What does a resolution do? What are they good for?
While resolutions don’t become law, they do express the sentiment of the Legislature and may prove vital in moving your issue forward. Resolutions have a wide range of uses: they can request a study or other course of action; request the formation of a task force or working group; establish an honorary designation for a day or month; or congratulate an individual or organization.
Some legislators may choose to revive aspects of a dead bill into a resolution. In this respect, resolutions are valuable in keeping discussion on a particular subject moving forward.
What is the difference between an HR and HCR or SR and SCR?
The prefixes HCR or SCR refer to a “Concurrent Resolution,” which expresses the will and intent of the entire legislature. The prefixes HR or SR denote a single chamber (House or Senate) resolution that expresses the will and intent of either the House or the Senate.
Concurrent resolutions are often introduced in conjunction with identically-worded single chamber resolutions, in the hope that if the concurrent resolution fails to pass the second chamber, the single chamber resolution still stands.
Single chamber resolutions may also be used to establish a chamber’s rules, leadership positions, and committee assignments.
There are some things that cannot happen without the adoption of a concurrent resolution by the Legislature. For example, the Legislature cannot regulate new professions or mandate new health insurance coverage without first adopting a concurrent resolution requesting the state auditor to conduct a review. Another example is that the State cannot sell state land or issue easements covering portions of the state’s submerged lands without approval by the Legislature through the adoption of a concurrent resolution.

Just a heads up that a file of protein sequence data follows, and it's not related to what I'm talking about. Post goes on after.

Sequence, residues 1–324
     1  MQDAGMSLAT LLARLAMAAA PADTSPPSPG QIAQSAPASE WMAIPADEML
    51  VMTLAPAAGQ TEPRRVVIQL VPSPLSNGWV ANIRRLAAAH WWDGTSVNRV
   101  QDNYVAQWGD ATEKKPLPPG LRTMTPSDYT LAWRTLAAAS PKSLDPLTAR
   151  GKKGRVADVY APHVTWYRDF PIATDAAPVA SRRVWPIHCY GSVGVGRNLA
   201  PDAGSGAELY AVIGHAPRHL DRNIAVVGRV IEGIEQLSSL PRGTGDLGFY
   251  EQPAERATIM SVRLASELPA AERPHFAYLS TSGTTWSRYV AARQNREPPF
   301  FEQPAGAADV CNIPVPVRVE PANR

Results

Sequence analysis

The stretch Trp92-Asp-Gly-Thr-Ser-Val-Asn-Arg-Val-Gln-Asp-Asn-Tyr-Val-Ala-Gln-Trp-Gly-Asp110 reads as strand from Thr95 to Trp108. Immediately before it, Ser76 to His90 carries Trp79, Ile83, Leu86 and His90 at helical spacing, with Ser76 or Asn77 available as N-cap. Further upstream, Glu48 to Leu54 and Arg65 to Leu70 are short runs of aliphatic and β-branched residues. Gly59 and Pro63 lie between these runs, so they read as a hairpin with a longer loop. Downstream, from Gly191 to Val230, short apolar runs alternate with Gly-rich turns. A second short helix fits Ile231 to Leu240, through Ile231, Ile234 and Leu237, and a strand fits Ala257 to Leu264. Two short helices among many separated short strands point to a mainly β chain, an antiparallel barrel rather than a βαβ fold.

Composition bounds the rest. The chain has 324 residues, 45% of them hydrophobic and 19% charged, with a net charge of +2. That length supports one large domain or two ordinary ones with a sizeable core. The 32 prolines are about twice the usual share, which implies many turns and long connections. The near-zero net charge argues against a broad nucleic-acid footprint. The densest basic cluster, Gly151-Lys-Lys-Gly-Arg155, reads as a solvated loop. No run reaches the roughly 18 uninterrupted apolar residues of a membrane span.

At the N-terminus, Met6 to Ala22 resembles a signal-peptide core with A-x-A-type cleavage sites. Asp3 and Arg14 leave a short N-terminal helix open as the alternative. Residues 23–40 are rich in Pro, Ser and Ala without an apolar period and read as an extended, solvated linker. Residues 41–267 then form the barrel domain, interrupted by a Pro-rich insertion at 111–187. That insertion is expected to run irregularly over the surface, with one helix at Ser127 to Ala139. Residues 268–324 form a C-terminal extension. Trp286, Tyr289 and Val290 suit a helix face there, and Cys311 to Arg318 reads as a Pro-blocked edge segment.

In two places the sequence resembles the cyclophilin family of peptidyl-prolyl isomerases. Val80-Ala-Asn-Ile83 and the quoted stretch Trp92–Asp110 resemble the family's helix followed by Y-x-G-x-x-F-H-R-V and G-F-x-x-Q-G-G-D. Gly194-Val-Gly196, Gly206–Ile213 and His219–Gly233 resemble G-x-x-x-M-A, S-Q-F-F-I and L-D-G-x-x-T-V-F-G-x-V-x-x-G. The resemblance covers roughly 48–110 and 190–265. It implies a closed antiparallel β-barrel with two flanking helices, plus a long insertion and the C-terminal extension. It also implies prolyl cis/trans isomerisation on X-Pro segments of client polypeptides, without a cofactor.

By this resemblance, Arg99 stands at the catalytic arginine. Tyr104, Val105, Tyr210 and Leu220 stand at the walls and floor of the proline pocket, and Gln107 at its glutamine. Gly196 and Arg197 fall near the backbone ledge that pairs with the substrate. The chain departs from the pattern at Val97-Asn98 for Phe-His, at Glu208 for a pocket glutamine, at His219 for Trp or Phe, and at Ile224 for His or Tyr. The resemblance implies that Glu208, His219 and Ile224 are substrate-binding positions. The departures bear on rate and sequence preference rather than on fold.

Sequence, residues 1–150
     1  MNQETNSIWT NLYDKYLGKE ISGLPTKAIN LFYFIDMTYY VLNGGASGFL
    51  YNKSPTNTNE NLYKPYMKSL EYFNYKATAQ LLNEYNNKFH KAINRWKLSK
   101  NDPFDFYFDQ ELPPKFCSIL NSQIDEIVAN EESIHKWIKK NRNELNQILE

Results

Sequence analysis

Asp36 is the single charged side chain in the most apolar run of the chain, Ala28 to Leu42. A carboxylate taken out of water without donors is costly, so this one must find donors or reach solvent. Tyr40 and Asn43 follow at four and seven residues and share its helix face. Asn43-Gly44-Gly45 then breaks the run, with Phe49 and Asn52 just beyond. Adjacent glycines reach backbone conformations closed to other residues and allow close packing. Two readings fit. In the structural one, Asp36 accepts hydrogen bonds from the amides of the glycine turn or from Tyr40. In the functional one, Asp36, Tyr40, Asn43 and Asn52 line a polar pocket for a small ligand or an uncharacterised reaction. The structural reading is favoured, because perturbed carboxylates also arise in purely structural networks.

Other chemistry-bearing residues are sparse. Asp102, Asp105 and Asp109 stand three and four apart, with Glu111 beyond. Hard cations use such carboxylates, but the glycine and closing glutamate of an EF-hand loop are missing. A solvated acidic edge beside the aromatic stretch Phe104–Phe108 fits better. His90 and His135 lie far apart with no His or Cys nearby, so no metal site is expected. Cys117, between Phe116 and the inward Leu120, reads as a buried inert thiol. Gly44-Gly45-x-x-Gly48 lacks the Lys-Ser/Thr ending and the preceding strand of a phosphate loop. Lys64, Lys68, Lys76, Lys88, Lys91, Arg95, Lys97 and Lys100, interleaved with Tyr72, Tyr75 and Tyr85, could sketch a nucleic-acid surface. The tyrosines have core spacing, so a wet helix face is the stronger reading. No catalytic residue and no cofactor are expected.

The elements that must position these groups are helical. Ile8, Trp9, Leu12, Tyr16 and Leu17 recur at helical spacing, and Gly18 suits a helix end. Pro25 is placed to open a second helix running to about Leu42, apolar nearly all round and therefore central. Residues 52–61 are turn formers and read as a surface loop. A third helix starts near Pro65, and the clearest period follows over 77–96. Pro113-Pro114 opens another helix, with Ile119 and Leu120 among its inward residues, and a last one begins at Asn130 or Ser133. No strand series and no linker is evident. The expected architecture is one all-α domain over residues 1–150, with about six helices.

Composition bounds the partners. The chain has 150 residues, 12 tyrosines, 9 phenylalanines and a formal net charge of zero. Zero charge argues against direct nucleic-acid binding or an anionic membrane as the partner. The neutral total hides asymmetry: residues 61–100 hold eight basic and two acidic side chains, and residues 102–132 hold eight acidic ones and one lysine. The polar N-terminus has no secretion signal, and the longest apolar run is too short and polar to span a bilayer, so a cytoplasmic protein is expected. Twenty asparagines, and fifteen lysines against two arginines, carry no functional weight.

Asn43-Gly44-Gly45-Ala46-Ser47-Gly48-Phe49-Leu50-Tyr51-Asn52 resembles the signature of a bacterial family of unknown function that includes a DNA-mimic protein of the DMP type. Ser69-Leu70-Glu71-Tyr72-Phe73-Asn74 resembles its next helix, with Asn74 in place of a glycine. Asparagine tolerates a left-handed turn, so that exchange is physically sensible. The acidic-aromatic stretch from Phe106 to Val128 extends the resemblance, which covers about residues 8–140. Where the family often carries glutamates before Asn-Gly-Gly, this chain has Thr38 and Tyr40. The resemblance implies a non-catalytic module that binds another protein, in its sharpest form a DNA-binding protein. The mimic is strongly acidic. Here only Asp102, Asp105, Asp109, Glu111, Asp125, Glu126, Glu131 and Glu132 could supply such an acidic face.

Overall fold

What needs to happen for a resolution to be adopted?
Like bills, resolutions are referred to committees (at least one, but maybe more) that they need to pass through. In addition, they need to be adopted by a vote on the chamber floor.
A single chamber resolution (HR or SR) must pass through the committee(s) it was referred to and pass a vote on the chamber floor to be adopted. A concurrent resolution (HCR or SCR) must do the same in its originating chamber, and then crossover to the non-originating chamber and pass through whatever committee(s) it is referred to as well as pass a floor vote in that chamber to be adopted.
And, of course, there are deadlines by which all of these things must happen.
How else does a resolution differ from a bill?
Not only can the subject matter of resolutions change, so can their titles. In other words, everything in it can change! (A bill’s title cannot be changed.)
The structure of resolutions is very different than bills. Resolutions consist of a series of “Whereas” clauses with the broadest passages coming first, followed by more definitive statements, and ending with two or more “Be it resolved” clauses. The last clause specifies where the resolution is to be transmitted upon adoption.
Resolutions are not enrolled (sent) to the Governor. Upon adoption, resolutions are transmitted to the individuals, officers, agencies, or other parties cited in the resolution.
Resolutions do not carryover from one session to the next. (Bills can carryover from the 1st year of the biennial session to the 2nd.) The deadlines for resolutions come a lot later in session than for bills.